For as long as photographs depicting the surface of Mars have been made available by NASA and other space agencies conducting studies of the Red Planet, online sleuths have scoured the images in search of possible anomalies.
Over the years, claims of everything from alien spacecraft and even possible alien skulls, to Bigfoot have turned up in imagery depicting the Martian surface. However, what this really constitutes is an exercise in pareidolia and only shows us, for the most part, how active the human imagination can be.
Perhaps not everything unusual that has been observed on the Martian surface seems quite so outlandish though. One instance involves a peculiar formation that was first spotted more than three decades ago when the Mariner 9 spacecraft managed to photograph the peculiar feature within a crater located near the Martian equator.
On the 58-mile-wide Pollack Crater floor, there appeared to be an unusual-looking region with a lighter coloration than the surrounding Martian terrain. Estimated to be 8.5 by 11 miles in size (think of a standard sheet of printing paper, albeit greatly enlarged), the weird feature was not only a peculiar whitish color but appeared to possess unusual grooves running along its surface.
Dubbed “White Rock,” the object was subsequently also photographed by the Viking Orbiter and presented a unique series of questions. What was the object, and what caused it to stand out so sharply against the rest of the Martian terrain?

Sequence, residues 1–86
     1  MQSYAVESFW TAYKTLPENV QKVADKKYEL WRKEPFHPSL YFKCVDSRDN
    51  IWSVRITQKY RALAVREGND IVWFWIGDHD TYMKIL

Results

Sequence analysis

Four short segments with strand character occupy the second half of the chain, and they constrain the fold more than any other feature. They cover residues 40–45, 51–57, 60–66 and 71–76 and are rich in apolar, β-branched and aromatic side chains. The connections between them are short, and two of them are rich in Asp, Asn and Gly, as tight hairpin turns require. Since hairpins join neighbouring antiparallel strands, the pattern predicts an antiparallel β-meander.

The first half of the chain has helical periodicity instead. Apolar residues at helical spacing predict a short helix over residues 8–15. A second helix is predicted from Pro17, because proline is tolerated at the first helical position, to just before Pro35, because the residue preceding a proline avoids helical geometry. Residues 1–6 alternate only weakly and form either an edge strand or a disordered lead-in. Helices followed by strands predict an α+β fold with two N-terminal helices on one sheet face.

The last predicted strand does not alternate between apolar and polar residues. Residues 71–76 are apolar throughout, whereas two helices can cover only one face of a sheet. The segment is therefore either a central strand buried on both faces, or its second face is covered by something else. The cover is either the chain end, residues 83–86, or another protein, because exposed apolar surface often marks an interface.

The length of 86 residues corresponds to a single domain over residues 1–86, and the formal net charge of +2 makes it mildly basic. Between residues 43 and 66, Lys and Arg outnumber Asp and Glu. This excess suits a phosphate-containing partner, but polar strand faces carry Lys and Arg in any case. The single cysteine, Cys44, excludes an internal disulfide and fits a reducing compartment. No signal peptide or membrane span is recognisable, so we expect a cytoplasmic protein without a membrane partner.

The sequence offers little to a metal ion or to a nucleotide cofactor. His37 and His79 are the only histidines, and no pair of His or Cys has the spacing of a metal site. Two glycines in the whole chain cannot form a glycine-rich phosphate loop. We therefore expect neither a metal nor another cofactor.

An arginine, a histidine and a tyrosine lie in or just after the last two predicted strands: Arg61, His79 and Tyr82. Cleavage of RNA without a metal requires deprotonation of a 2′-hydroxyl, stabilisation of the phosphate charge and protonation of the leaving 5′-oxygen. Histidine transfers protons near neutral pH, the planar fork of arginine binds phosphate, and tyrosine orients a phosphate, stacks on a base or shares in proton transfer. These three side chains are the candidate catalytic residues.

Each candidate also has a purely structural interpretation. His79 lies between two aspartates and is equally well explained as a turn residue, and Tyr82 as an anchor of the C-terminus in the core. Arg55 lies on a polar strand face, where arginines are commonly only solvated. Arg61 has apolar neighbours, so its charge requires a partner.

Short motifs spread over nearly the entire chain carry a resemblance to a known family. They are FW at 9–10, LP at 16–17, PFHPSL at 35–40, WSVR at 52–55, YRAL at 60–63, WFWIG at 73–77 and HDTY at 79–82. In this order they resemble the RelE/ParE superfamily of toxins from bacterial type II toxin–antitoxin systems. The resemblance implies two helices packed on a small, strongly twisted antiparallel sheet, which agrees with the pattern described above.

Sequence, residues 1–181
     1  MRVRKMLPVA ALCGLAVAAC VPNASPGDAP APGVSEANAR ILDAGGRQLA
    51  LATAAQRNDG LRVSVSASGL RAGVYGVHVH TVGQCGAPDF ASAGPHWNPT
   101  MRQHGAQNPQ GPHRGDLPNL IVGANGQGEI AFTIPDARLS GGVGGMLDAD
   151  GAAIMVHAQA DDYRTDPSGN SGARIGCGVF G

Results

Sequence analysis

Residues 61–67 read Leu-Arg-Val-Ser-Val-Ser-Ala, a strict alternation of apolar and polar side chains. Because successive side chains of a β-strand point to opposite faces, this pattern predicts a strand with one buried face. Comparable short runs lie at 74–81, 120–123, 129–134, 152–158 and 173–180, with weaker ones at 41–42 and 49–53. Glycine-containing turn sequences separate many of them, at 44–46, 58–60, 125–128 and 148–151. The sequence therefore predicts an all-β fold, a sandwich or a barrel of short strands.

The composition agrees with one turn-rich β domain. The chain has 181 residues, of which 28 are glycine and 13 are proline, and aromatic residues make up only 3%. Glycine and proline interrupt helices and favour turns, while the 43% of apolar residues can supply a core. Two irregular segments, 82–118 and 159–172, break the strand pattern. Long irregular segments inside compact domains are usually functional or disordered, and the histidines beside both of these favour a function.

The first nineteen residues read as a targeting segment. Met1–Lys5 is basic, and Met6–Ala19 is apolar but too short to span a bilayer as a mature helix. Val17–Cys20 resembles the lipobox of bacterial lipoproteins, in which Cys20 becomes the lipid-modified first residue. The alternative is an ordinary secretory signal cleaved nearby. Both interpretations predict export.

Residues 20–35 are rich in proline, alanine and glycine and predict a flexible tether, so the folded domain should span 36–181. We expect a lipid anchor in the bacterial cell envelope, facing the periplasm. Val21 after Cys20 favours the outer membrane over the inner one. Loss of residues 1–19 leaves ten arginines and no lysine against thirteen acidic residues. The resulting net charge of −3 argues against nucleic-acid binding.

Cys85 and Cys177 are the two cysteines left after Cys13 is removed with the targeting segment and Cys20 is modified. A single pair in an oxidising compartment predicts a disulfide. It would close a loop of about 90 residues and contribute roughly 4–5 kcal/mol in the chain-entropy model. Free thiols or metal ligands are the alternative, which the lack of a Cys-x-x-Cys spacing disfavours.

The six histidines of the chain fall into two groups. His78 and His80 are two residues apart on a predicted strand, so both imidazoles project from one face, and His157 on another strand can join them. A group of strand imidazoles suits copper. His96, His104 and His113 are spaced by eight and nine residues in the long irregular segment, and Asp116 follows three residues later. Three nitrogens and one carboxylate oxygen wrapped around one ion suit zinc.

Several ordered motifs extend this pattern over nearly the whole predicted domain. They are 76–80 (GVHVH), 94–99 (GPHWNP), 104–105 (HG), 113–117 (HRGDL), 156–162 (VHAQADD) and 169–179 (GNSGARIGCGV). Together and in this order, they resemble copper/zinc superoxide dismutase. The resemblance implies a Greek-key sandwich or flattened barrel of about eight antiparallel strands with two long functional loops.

Although the notion that it might represent an ice formation immediately springs to mind, White Rock’s location close to the Martian equator would easily rule this out. So what is this unusual feature?
If not ice, some scientists who continued to puzzle over White Rock began to suspect that it might represent a deposit of water-rich sediments, similar to salts that collect along the surface of dry lake beds in deserts on Earth. This would seem plausible, especially because later in 2004, such deposits were indeed found by NASA’s Opportunity rover while exploring the Meridiani Planum.
Backtracking to 2001, however, with the deployment of NASA’s Mars Global Surveyor orbiter and its Thermal Emission Spectrometer (TES) instrument, new clues emerged about the mysterious White Rock at the bottom of Pollack Crater. With the new spectrographic information, scientists were able to determine that White Rock showed no signs of water and, in fact, wasn’t white at all: its coloration closely matched other lighter regions on the Martian surface.
Part of what led to the confusion had been an optical illusion presented by the sharp contrast between the lighter material, which rises from the surface of the feature in the form of ridges shaped over time by wind, placed alongside darker basaltic sand (the latter can particularly be observed toward the feature’s northern side, where a field of dark basaltic dunes exists).
While most scientists would agree that wind action played a significant role in the formation of the peculiar White Rock formation, estimates about its direction vary. Some of the grooves apparent on the feature seem to indicate an easterly or southeastern wind that could have shaped them over time, while others interpret that a wind approaching from the west would have done the job.
Although White Rock initially seemed to stand out from other Martian features with its unusual light coloration, similar features have since been located at places like Ganges Chasma, where another bright grooved region rising from the surface can be seen to almost match the mysterious appearance of White Rock perfectly.
So as it turns out, White Rock isn’t so white, and in fact, it isn’t really a rock either… but it helps illustrate how astronomers are closing in on explaining even some of the more plausible anomalies on the Martian surface.